2. oh yes! I covered the location of shower valve in an earlier post but think good to elaborate because am seeing so many STUPID things architects are doing lately…one of the reasons we now have our own young graduate architect on staff….I figure if cannot beat them, then join them…with my choice in hire! I would feel vindicated if you got fired by your architect! Ha! I was fired by my builder 17 years ago when building a house. He told me “You just stay home and I will let YOU know when the house is ready”. He is now out of business and do we wonder why???

  2. You struck a nerve! I never understood the big window over the tub either, so you have a nice big window that many times has obscured glass and a window treatment what’s the point… Surely there can be orher window placements that allow natural light and have far less saftey hazards.

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      YES, why oh why oh why Jeremy???? I still do not get it and I am not just a bath designer….I am one who has to then figure out how to cover the damn window and make look good! Windows can be my nemesis when trying to dress them….so many things architects can do in order to make the dressing easier later…but of course who thinks of this early on? We take a whole house approach when we can and design from the ground up. But those jobs do not come along often….

    2. YES, why oh why oh why Jeremy???? I still do not get it and I am not just a bath designer….I am one who has to then figure out how to cover the damn window and make look good! Windows can be my nemesis when trying to dress them….so many things architects can do in order to make the dressing easier later…but of course who thinks of this early on? We take a whole house approach when we can and design from the ground up. But those jobs do not come along often….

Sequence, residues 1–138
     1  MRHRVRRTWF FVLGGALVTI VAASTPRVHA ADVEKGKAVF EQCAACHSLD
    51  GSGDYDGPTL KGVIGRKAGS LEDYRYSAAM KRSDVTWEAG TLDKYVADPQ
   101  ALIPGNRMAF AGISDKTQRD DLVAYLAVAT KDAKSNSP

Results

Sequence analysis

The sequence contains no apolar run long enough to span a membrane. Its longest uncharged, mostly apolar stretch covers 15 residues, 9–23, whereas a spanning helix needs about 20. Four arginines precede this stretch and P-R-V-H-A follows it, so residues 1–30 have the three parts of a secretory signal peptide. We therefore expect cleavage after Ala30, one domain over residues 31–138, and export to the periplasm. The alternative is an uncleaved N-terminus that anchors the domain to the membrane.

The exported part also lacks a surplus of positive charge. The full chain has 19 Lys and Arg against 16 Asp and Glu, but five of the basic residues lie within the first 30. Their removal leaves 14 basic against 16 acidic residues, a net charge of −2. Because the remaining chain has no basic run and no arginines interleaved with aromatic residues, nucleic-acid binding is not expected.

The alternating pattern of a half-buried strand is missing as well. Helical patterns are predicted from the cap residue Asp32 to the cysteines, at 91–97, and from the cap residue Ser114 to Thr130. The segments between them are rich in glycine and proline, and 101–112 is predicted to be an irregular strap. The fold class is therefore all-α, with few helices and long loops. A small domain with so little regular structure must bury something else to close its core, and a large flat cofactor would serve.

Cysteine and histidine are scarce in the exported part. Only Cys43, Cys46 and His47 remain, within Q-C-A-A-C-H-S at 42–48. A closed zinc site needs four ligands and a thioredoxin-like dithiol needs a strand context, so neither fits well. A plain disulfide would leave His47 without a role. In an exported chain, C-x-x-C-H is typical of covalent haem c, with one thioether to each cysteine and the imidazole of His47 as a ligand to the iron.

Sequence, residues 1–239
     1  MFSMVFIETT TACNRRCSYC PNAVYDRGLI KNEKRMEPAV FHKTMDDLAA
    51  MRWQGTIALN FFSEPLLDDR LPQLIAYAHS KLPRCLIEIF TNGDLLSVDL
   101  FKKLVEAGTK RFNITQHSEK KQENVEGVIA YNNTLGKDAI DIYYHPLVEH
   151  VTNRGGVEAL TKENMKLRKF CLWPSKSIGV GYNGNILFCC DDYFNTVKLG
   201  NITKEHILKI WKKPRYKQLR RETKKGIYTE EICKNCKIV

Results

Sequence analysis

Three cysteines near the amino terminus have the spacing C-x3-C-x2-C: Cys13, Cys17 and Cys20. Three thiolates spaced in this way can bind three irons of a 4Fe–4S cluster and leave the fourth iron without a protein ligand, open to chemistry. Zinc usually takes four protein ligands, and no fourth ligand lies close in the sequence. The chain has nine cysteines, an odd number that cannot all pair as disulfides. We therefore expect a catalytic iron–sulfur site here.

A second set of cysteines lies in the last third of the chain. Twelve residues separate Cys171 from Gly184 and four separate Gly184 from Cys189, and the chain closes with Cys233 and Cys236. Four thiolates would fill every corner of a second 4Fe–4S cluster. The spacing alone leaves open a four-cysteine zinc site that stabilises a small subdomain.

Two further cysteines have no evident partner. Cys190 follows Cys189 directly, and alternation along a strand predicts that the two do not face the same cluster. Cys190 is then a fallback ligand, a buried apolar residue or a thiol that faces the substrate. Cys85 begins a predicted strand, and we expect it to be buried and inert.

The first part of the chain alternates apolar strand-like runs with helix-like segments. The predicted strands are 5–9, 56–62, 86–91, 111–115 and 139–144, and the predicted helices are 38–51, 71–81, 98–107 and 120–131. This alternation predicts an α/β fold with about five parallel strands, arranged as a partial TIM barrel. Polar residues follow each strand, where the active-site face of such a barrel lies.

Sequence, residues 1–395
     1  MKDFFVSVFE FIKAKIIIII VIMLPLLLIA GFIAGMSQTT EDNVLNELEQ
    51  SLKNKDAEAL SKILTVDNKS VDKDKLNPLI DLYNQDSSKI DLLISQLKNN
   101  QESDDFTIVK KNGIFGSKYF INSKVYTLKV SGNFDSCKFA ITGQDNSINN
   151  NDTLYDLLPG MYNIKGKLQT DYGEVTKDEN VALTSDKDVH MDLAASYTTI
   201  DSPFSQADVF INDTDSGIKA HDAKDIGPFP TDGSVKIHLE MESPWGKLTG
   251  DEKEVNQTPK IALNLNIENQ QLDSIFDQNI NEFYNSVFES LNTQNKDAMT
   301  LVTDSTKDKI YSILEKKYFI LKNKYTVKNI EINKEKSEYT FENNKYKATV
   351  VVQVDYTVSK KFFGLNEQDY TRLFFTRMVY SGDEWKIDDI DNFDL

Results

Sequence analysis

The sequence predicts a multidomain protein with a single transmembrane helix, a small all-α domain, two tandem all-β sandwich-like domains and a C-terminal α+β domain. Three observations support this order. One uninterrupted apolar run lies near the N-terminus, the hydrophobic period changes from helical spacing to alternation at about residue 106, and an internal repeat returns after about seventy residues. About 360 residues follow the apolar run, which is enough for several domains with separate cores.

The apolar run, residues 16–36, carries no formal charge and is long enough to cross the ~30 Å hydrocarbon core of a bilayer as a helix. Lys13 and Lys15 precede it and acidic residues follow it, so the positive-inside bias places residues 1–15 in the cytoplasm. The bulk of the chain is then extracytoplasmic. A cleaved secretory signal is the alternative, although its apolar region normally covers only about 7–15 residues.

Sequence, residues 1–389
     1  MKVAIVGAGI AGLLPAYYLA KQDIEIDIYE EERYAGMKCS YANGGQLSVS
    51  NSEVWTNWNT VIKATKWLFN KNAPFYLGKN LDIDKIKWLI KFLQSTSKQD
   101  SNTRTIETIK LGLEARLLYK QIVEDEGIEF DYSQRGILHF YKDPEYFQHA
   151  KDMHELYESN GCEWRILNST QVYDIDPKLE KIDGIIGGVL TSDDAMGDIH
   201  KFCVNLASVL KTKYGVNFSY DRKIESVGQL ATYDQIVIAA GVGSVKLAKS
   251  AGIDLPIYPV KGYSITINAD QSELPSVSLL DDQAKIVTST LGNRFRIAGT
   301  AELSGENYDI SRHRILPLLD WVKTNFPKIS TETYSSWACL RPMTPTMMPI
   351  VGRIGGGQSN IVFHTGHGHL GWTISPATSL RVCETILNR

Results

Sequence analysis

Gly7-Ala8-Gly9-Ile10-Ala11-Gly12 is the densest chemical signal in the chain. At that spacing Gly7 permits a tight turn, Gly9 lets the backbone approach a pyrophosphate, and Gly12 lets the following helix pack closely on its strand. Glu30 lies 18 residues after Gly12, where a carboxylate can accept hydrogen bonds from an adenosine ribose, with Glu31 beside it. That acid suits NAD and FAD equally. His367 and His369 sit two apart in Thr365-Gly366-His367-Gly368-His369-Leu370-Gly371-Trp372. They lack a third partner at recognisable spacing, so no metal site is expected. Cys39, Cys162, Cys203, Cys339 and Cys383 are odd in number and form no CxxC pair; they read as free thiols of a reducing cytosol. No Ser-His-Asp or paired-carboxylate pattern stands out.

3. My favorite thing to do is pluck my eyebrows by the window (I lead an exciting life) and don’t understand why the window is always by the tub (or IN the shower?!).  Thank you for bringing common sense to the bath!!

    (I’ve got a bathroom renovation coming up next – I’m still saving up but I’m starting to get obsessed with bath stuff!  So exciting!!)

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      The older we get the more light we need. Yes indeedy. I put on makeup by a teeny weeny transom window in the potty room. Only light I have in my small bath. But good lord…if I do not pluck by a window, I look scary at work and the 20 somethings who work for me are a tough crew to keep up with! My favorite layout is a window in between two sink vanities. That is the best if you have the room and layout will work. And it can look beautiful also!

    2. The older we get the more light we need. Yes indeedy. I put on makeup by a teeny weeny transom window in the potty room. Only light I have in my small bath. But good lord…if I do not pluck by a window, I look scary at work and the 20 somethings who work for me are a tough crew to keep up with! My favorite layout is a window in between two sink vanities. That is the best if you have the room and layout will work. And it can look beautiful also!

  4. My question is, what do you do about those gorgeous freestanding tubs made of stone or metal? They’re not meant to be built into a deck the edges are thin, and the sides look about 3 feet high? How does anyone get into those?

    1. Kim: Most are not 3 ft tall but about 24 in. We do them all the time. Key is to have decorative ledge behind it for setting things or a cute table nearby and within reach. Getting into it should be no problem if it is stable and secure. However it is not for anyone who may be infirm or have issues climbing into it. Is not for everyone. But can be a beautiful look and far better than the built in monster. I have a post coming this week on fresstanding tubs! Check back for great pix and some helpful hints!!
      Cheryl

  5. Pingback: Trend alert! Freestanding tubs! | Details and Design

  6. These experts know what you need to use for a sewer line or water heaters and they might suggest PVC( Poly-Vinyl-Chloride) as the proper material for drain and vent pipes as well as drain traps. This material can be joined with the right plastic fittings and is usually sold by the linear foot. 

  7. Pingback: Trend alert! Freestanding tubs! | The Bath Designer